Tel Aviv has witnessed a sea of picket signs bearing the face of Obama thousands of miles away from his own homeland, with a new, yet notorious slogan that has been on loop out of Israeli independent radio stations – Yes We Ken. ‘Ken’ being a transliteration of ‘Yes’ in the Hebrew language. Left wing demonstrators, have taken the streets in Rabin Square, pressuring President Netanyahu’s to accept US President Obama’s outline for peace talks.
Both Israeli’s and Palestinians, affiliated with different political organisations and parties, such as the Hadash, Meretz Peace Now, the Sheikh Jarrah Solidarity Movement, the Geneva initiative as well as the Labor and Kadima parties. This harmonious unity has been unarguably overdue, especially in such an explicit manner towards the current Israeli administration – “Bibi and Barak, peace isn’t a game”, said one protestor. The main aim of this manifestation has been primarily a two state solution, two states, for two people along the 1967 Armistice lines. This optimism, is admirable, and definitely a step in the correct direction. However, from a critical stance, this poses two questions; is the creation of a two state solution feasible? Perhaps. Will it eradicate the Arab-Israeli conflict all together?
The first issue a two state solution poses is actually drawing up the lines of two states, along the 1967 lines, this would mean something along the lines of 97% of both the West Bank and Gaza to the Palestinians whilst preserving a few Jewish Settlements in these respective areas such as Ariel and Ma’aretz. This all seems very simple to visualize however, from a modern perspective, most geographers and social architects would suggest an extra-territorial corridor linking Gaza to the West Bank. This is where it gets tricky. The road from Gaza to the West Bank, is scattered with both Jewish and Palestinian communities. Thus, it would involve the mass deracination of communities, to ensure that they are placed on the “right side”. It is unfeasible to forcibly move mass communities from one place to another – after all that was one of the more docile tactics of Ben Guiron towards the Palestinians during the 1940s and 1950s. Moreover, if things get truly out of hand, it could lead to genocide on similar lines that occurred in Bosnia towards the Bosniaks in the 1980s and 1990s. It’s a huge risk that architects of a two state solution would be undertaking.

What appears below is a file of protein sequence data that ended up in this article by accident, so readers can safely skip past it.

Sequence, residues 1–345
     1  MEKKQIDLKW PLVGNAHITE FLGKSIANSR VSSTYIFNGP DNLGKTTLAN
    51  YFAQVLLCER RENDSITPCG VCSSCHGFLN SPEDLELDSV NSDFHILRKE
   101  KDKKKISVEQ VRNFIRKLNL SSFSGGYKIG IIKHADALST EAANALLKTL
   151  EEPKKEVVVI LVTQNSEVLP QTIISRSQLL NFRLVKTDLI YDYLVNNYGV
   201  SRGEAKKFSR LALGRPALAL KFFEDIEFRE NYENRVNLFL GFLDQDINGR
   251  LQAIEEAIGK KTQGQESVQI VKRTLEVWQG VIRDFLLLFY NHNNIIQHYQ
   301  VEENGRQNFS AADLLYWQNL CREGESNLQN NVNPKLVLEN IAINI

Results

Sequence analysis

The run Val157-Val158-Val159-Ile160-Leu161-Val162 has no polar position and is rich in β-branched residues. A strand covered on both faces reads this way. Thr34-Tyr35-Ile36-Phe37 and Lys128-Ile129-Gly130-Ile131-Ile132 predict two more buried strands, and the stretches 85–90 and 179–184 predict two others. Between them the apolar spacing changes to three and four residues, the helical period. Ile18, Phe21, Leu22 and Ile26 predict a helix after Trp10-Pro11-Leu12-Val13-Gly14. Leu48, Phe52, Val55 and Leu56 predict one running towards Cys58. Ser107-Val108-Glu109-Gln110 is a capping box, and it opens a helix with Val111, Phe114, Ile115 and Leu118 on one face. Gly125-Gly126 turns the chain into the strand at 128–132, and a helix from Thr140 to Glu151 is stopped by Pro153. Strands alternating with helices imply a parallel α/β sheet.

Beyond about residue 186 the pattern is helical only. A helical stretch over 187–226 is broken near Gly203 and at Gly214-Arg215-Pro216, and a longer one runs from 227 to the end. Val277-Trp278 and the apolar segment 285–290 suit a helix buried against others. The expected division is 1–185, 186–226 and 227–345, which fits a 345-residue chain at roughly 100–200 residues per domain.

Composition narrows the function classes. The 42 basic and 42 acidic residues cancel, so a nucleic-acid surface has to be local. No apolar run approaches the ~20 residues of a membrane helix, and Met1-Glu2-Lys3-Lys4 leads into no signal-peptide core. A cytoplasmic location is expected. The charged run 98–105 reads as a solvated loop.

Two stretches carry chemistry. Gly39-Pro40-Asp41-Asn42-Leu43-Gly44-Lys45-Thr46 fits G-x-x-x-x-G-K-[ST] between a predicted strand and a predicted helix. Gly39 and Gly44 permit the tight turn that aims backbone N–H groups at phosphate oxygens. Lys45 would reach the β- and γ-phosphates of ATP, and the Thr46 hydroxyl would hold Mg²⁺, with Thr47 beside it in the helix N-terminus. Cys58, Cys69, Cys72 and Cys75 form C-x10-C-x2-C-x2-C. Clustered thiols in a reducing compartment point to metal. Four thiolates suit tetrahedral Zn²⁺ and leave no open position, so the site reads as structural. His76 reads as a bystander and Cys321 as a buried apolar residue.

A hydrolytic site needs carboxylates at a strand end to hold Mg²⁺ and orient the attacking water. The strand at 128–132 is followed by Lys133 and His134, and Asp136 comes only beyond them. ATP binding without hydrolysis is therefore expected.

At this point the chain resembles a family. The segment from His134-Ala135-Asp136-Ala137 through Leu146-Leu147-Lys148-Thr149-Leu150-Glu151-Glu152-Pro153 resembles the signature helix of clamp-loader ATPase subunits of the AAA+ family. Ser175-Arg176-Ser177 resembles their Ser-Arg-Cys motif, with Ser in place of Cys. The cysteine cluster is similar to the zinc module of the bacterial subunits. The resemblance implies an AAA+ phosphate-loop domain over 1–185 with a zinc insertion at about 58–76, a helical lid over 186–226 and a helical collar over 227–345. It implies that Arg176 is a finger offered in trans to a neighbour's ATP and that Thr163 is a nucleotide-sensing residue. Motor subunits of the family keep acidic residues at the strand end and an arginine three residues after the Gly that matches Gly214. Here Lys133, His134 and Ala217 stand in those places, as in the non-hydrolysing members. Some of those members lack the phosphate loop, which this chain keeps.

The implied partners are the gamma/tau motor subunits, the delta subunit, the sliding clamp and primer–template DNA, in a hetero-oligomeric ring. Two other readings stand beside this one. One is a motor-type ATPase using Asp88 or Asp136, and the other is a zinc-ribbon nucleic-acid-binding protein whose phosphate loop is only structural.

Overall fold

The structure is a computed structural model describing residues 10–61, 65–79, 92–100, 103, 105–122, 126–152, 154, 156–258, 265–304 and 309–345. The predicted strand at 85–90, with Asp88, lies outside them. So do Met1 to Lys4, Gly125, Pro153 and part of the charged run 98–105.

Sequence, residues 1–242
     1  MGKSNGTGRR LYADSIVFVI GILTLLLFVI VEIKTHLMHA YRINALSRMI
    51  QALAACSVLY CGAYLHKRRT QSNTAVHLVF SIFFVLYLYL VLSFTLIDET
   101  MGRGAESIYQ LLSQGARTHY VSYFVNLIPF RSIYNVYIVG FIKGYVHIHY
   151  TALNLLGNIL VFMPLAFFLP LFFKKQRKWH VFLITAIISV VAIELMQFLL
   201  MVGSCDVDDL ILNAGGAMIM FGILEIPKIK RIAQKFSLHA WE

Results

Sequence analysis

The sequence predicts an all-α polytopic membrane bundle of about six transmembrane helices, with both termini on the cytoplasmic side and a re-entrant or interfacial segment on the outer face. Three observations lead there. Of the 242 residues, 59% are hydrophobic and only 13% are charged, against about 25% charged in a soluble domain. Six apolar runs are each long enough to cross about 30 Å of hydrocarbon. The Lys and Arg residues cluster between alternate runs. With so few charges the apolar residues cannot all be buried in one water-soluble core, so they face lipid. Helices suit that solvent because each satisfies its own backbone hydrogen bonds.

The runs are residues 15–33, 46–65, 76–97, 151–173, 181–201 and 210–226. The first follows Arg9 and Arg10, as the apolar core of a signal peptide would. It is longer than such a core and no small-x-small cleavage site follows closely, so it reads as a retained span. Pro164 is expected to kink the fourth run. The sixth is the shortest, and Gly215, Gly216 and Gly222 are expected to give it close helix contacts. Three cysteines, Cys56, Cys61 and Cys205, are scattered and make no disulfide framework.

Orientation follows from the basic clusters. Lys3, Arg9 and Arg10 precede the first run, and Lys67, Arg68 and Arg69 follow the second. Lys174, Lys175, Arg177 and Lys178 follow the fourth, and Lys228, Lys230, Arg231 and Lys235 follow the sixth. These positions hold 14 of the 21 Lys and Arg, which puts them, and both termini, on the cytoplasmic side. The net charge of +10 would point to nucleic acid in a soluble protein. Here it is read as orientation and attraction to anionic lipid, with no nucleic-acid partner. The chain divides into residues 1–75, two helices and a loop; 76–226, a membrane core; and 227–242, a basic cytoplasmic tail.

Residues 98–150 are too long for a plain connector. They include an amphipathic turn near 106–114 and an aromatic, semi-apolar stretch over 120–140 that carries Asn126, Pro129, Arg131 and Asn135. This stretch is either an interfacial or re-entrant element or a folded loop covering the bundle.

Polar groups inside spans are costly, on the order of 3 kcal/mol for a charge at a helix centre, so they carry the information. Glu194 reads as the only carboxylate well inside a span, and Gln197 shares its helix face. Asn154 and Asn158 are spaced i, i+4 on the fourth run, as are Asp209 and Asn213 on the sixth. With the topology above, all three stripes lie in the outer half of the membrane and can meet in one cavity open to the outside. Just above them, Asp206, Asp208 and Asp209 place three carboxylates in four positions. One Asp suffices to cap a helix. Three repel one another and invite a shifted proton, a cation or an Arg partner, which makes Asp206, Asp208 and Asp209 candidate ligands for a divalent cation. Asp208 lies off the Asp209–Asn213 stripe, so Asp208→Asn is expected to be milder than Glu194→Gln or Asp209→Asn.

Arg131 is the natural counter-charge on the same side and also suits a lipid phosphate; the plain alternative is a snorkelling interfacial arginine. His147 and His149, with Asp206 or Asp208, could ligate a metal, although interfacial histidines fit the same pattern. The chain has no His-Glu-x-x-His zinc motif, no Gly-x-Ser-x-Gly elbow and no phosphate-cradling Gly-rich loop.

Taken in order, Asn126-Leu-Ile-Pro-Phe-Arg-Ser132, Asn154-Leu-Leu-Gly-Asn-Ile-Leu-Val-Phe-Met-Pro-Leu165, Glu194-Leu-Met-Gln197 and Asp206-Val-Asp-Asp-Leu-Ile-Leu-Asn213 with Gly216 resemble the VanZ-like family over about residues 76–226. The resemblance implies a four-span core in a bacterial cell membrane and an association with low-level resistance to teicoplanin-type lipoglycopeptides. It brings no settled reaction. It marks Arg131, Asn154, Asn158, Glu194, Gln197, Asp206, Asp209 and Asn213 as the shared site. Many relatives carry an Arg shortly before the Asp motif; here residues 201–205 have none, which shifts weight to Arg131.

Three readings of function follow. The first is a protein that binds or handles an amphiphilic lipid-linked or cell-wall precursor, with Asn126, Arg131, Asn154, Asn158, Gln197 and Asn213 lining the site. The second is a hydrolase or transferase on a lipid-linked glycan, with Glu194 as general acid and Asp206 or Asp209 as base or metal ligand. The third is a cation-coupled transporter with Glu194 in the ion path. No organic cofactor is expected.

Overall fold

The second issue poses itself in what is known as the “Old Testament Prophecy”. In other words, a mutual crusade into the historic land of Palestine, where both ethnic groups will battle over Jerusalem, a reverence in the sentiments of both the Jews, Muslims and Christians living in the region. It need not even necessary to reach the heights of the Holy city, the fundamentalist Zionist Israelis revere all of historic Palestine, the Sinai, parts of Lebanon and north of Saudi Arabia. They will clearly not agree to partition the mythical land of their forefathers, a stance that has been repeated continuously by Netanyahu on several occasions. Moreover, there are also other Palestinians who feel it is even inappropriate that they should be denied claims to all of historic Palestine, both socially and politically. It is these extremist views that will cause a disruption in the final ‘end game’ of moderates who propose a two state solution.
The alternative? One state. If we follow up the successes of consociational agreements in both Northern Ireland, and perhaps more fittingly, South Africa, we can see with the correct framework, a one state solution is probably most favorable and feasible in the long run. Palestinians will be protected domestically under the Israeli Declaration of Independence, there will be freedom of movement, and if political bodies in government emerge representing both Palestinians and Israelis à la Lebanon, perhaps a more solid foundation for peace may be forged.
Views expressed in articles are the author’s and do not represent Comment Middle East
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